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TDC101 TDC Conservation Areas

Selection Criteria

All TDC programs lay out where the community would like to promote conservation of certain landscape values, and – in the context of a TDC program – where conservation landowners are eligible to hold and sell credits. Many programs choose their TDC Conservation Areas based on a set of criteria, but each community uses criteria
that reflect their community-specific conservation goals. For example, an environmental conservation program may prescribe that any parcel with certain ecological features or functions (riparian area, wildlife movement corridor, wetland, woodlot, etc.) is eligible. Landowners feeling their parcel meets the criteria can come forward and apply to participate in the program.

Having said that, there are some guidelines or similar questions that each program must consider in choosing these criteria:

The Goal – The designation of TDC Conservation Areas is an animation of the program goal. For example, if the program goal is to conserve agricultural land, the designation of the TDC Conservation Areas answers the questions, ‘What type of agricultural land?’, ‘Where is this land?’, ‘What pressures are being addressed?’, and ‘Who is affected?’

Nature of the Landscape – The landscape itself will obviously dictate much about the designation of TDC Conservation Areas. A goal of ‘Conserve X Acres of Land Type A’ may be unrealistic if there is not that many acres of that land type available for conservation. Desirable ecological functions may be difficult to measure and make it unclear whether a given area provides that type of conservation.

Existing Zoning or Planning Transfer of Development Credits programs do not replace the existing zoning or planning framework; TDCs  are a complementary tool, generally considered as an ‘overlay’ to existing zoning. For this reason, TDC Conservation Areas should dovetail as much as possible with existing designations.

Pressure for ConversionTDC programs are one tool for responding to a pressure for change in land use that is adversely affecting existing valued landscapes. Thus in designating TDC Conservation Areas, municipalities should consider the degree to which that pressure exists in proposed areas. If the pressure is too great, the timelines of this voluntary tool may not be adequate to effectively respond; if the pressure is only minimal, there may be no perceived urgency for TDC Conservation Area landowners to participate.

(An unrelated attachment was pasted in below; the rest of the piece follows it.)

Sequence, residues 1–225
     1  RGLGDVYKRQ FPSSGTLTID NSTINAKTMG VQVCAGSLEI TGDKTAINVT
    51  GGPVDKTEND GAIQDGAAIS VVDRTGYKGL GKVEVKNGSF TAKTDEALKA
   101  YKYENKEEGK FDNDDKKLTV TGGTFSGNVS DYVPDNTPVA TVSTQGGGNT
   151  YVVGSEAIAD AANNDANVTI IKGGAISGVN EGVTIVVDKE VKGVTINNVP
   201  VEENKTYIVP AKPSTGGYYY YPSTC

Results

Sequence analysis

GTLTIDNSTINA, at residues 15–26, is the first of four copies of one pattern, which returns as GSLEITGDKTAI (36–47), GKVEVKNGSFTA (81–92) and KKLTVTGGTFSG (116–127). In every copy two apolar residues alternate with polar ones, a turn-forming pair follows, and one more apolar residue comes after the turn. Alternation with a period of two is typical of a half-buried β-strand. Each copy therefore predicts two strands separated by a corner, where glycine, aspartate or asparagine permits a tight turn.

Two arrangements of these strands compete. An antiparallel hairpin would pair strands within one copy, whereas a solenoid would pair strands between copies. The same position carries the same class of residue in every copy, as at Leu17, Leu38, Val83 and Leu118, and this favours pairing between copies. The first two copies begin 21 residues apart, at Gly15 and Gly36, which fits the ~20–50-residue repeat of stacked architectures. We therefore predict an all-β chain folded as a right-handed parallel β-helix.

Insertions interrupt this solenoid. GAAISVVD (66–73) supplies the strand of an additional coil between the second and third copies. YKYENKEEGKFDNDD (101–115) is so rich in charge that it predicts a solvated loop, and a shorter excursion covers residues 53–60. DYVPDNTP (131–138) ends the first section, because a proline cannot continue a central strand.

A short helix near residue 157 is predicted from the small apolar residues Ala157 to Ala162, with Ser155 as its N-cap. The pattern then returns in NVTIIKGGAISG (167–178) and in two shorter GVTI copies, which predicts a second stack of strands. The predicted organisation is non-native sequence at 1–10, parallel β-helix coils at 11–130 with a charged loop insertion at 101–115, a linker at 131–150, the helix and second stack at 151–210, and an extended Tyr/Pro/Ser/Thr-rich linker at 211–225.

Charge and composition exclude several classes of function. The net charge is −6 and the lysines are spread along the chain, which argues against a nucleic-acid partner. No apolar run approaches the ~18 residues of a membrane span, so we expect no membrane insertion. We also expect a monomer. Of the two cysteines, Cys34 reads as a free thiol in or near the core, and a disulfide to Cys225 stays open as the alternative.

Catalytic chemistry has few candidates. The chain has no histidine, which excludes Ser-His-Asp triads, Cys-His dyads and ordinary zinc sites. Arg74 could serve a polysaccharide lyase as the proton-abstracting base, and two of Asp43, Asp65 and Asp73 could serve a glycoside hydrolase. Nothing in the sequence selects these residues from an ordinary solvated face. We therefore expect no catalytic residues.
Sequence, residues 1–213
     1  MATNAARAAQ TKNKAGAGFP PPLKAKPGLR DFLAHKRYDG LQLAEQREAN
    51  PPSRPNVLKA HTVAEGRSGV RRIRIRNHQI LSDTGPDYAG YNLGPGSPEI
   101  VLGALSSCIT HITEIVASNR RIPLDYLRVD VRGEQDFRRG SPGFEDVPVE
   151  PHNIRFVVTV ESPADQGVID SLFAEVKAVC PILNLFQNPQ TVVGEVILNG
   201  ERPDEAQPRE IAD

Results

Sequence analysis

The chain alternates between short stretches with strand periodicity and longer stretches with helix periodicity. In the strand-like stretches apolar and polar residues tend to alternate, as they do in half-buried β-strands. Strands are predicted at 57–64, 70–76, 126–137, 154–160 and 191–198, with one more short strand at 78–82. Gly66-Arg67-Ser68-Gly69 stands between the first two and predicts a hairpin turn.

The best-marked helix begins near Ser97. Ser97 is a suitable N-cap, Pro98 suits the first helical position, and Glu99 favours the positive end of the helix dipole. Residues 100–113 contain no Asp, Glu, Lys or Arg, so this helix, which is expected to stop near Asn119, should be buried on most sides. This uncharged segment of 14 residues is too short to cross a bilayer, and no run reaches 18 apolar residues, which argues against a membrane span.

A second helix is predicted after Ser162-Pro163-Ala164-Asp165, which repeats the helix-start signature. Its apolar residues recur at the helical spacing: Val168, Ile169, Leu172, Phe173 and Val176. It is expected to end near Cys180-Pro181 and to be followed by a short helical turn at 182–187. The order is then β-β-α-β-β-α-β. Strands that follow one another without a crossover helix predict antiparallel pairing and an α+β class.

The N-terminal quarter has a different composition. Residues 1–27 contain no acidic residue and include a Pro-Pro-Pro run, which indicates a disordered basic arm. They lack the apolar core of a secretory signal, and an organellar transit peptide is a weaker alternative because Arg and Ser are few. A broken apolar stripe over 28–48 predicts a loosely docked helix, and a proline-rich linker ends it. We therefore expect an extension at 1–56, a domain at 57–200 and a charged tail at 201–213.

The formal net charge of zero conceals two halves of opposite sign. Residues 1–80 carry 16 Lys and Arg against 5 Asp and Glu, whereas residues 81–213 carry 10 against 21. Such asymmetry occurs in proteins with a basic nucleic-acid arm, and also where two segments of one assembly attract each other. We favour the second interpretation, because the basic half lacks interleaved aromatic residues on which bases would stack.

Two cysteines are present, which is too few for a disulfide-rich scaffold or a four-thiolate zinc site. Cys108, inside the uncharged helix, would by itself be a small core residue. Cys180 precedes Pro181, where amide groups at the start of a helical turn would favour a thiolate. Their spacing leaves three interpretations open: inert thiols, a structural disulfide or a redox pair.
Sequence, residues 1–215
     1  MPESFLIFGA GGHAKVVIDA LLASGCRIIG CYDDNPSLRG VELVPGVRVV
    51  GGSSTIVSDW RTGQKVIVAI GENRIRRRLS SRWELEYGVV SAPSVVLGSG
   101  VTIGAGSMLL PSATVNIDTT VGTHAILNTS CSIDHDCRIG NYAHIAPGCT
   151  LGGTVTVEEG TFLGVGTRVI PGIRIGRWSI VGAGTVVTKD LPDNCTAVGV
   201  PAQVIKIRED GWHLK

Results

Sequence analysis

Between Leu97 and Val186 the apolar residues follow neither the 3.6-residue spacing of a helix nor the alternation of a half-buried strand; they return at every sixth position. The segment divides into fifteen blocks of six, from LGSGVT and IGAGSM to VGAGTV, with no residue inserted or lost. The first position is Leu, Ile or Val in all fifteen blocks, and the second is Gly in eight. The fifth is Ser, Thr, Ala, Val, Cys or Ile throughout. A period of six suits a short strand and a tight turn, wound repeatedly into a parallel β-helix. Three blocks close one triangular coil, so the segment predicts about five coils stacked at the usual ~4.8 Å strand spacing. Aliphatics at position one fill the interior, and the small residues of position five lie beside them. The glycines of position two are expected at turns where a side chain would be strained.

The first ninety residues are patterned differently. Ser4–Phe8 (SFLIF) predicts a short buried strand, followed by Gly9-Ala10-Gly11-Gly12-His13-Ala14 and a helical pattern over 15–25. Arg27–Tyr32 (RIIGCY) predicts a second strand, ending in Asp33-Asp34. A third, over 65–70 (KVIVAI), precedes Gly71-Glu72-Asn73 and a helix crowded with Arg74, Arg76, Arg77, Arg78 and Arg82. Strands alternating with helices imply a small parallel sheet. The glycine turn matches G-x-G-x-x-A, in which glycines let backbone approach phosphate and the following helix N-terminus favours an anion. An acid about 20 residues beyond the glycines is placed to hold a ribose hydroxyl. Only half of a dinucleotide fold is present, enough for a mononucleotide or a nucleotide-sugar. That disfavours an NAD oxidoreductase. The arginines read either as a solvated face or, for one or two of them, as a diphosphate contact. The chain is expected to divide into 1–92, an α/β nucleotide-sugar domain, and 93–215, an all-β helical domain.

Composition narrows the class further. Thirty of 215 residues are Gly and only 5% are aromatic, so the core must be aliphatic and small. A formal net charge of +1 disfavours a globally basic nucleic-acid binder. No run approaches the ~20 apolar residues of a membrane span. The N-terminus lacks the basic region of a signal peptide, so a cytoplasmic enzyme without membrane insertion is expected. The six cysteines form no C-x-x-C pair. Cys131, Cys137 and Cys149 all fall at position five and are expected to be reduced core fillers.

Time frame – Several American TDR programs have laid out 25 year, 30 year or longer time frames by which they wish to achieve conservation of a certain number of acres. Others have been concerned with quickly motivating numerous transactions to address imminent issues or show quick success. These factors affect the scale and placement of TDC Conservation Areas.

Parcel Size – The conservation goals of a TDC program often require minimum parcel sizes to reduce fragmentation or to promote landscape functions that exist at a large scale. In these cases, TDC Conservation Area designation will need to establish thresholds related to parcel size.

Infrastructure – Although more often a consideration in the placement of TDC Development Areas, this is a consideration for TDC Sending Areas, as well. Parcels that are a good match for the conservation goals may be a better match for development due to the proximity to existing development. As well, for agricultural land conservation, there will need to be access to agricultural services if the agr-businesses using the land are expected to stay viable.

Bonus criteria – In more complex programs, credit allocation may be based on the degree to which a parcel matches the criteria (e.g., the more items on the list that the parcel matches, the more credits per acre are provided).


Miistakis Reports

Government of Alberta


Web Resources

Support Organizations and Consultants

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Also, check out our full list of TDC Resources.